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EXPO ‘I am an Other’ – Eretz Israel Museum, Tel Aviv (IL) – 10 Juin-20 Nov. 2012

« I am an Other »

The sixth exhibit of Israeli jewelry deals with the perception of « the other self, » or the alter ego. Fifty-three artists participating in the exhibit set out on an inner journey, the process resulting in diverse expressions: virtuosic jewelry-makers who are usually meticulous in their work chose to free themselves of the constraints and make room for expression ; some used organic materials; some turned to figurative creation, thus giving the human form an expression of « the other self, » while other artists chose the abstract to convey biographical moments. Some preferred the multitude so as not to focus the idea of « the other self » on a single item, while others preferred simplification and catharsis. It appears that the majority of Israeli jewelry-makers do not wear the jewelry they create, and some wear no jewelry at all. For this exhibit they created jewelry for themselves.

Israeli Jewelry - Shenkar

« The selection of an abstract concept for this exhibition – Alter Ego (the Self as Other) — generated an extensive and riveting dialogue with participating artists. The process that resulted engendered layered and varied works that reflect the multi-faceted nature of this concept.  The underlying premise the artists were invited to consider was the notion that the ornamental artifact — an intimate object placed directly on the body — can represent parts of the Self, including its inverse or hidden elements.  The ornament also draws the gaze of others; the visual cues it offers subtly influence other forms of communication.
The roots of the term alter ego come from ancient Greek philosophy.  When Zeno of Cittium, founder of the Stoic school of Greek Philosophy, was asked, “what is a friend?” he responded: “allos ego,” that is, alter ego.  In a similar vein, Aristotle suggested that a friend should be treated like a second self.  Over time, the word ego came to mean “I” in Latin.  In the modern era, Sigmund Freud extended the word’s meaning when he defined it as a central element of the psyche.  The alter ego has been seen by psychology mainly as the inversion of the way the Self normally presents itself publicly.  But the notion remains vague and elusive.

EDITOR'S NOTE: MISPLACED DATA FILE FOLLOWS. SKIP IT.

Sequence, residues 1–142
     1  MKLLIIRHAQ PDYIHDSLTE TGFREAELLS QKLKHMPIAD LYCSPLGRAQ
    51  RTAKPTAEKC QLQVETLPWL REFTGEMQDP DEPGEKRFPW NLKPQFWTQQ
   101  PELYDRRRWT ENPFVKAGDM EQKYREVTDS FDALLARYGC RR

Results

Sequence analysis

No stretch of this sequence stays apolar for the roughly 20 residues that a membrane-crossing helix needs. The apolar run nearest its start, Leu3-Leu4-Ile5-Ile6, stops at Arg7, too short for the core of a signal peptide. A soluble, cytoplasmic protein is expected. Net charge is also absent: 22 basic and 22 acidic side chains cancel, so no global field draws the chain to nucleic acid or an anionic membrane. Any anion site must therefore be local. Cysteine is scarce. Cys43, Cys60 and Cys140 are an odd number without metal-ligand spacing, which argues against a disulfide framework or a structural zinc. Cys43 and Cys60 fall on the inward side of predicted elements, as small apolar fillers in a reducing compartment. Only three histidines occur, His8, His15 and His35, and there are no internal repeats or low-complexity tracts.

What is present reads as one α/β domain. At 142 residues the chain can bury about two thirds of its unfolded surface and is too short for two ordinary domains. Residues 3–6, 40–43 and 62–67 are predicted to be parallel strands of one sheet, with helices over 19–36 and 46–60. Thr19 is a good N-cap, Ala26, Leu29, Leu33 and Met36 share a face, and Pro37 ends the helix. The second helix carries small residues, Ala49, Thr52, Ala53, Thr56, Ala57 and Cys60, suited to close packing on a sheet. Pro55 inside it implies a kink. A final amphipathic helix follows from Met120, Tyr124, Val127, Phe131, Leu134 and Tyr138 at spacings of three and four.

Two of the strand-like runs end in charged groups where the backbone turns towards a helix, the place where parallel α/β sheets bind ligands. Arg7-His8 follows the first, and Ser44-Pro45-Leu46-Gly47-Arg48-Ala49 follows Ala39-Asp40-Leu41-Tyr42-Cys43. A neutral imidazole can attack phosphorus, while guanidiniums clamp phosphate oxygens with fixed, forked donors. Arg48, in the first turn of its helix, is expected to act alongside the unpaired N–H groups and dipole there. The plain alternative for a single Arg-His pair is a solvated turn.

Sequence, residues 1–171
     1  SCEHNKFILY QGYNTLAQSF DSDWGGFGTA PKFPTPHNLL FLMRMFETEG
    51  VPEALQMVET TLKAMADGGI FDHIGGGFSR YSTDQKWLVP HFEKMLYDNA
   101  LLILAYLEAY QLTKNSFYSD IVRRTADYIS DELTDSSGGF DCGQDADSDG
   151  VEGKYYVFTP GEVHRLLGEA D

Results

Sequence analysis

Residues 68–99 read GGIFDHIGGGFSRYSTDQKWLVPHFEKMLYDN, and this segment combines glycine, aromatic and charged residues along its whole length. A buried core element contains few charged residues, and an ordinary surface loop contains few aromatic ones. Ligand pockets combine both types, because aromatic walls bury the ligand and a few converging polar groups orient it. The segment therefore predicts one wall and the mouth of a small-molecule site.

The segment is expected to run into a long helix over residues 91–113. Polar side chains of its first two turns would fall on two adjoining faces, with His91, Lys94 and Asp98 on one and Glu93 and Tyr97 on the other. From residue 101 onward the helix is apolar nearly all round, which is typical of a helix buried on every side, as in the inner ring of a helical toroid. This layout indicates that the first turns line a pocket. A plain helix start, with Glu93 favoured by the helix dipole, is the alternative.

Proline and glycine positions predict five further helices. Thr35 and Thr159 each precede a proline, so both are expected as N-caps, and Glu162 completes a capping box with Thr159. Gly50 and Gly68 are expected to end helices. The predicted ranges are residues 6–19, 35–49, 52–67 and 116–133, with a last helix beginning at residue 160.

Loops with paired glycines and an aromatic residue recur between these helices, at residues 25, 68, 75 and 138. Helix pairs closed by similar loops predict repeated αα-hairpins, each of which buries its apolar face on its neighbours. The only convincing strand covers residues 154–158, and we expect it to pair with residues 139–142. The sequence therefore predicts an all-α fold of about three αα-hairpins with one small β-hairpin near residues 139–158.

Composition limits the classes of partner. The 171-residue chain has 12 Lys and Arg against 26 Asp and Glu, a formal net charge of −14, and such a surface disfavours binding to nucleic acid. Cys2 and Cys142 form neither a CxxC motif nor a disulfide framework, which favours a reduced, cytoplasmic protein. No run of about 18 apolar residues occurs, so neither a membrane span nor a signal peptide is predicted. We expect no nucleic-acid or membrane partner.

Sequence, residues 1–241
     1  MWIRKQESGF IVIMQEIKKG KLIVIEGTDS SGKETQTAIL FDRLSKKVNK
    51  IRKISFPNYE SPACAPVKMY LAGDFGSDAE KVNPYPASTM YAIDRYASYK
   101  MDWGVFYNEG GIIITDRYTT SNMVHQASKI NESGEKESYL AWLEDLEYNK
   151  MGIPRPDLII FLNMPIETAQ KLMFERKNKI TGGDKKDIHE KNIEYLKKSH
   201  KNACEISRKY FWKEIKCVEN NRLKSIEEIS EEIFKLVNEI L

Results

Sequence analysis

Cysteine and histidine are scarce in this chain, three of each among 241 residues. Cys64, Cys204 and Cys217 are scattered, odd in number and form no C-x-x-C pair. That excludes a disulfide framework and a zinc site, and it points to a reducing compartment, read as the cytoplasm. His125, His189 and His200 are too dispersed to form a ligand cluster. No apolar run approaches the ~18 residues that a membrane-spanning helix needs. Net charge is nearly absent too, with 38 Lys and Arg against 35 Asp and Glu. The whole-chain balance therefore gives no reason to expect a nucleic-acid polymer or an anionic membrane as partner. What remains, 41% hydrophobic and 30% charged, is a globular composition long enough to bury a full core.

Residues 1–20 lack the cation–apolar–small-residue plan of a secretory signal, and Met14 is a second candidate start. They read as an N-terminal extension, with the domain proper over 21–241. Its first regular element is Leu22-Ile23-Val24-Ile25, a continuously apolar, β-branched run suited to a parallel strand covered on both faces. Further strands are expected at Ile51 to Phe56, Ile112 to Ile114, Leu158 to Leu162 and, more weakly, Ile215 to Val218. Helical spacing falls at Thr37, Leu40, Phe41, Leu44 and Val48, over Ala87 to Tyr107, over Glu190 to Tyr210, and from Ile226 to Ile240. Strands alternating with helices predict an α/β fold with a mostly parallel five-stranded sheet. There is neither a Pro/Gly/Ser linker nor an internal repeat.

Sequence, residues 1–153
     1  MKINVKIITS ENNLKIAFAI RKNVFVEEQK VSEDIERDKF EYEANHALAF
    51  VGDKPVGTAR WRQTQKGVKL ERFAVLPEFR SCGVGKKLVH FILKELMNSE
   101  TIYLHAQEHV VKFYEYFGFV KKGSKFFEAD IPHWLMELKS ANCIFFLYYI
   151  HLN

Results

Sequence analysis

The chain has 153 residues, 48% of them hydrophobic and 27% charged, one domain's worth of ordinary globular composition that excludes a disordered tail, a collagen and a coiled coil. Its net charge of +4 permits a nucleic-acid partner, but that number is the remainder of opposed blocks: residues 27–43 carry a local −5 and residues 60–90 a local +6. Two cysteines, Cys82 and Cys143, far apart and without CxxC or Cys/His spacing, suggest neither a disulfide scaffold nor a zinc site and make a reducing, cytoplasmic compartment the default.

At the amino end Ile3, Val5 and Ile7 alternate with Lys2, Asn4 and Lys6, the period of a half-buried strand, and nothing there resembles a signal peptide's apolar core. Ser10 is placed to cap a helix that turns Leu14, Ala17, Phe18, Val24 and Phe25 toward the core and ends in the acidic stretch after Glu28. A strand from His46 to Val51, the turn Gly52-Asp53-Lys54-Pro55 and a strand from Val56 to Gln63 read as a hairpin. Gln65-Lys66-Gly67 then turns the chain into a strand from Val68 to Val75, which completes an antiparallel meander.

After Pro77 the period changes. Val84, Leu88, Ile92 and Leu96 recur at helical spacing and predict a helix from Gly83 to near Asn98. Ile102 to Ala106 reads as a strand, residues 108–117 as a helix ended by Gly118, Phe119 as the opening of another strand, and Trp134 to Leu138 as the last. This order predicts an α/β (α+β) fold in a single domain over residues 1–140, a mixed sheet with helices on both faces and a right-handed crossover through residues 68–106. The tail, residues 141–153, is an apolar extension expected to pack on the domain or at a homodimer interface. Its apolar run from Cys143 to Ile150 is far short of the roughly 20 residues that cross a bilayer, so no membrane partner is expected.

The alter ego has many cultural expressions: in pop and rock music, where artists embody fictional figures through which they can present new and experimental musical content; in the world of Comics, where an everyday person turns into a superhero; in literature that deals with two sets of personalities within a single person, and more.  Philosophers discussed the alter ego in the context of reciprocal relations, and as part of the effort to understand the Self.  As it turns out, scientists have found that a “mirror neuron network” in the brain allows us to experience the Other’s gestures as though they were our own, so that observing others is an inseparable element of self-understanding.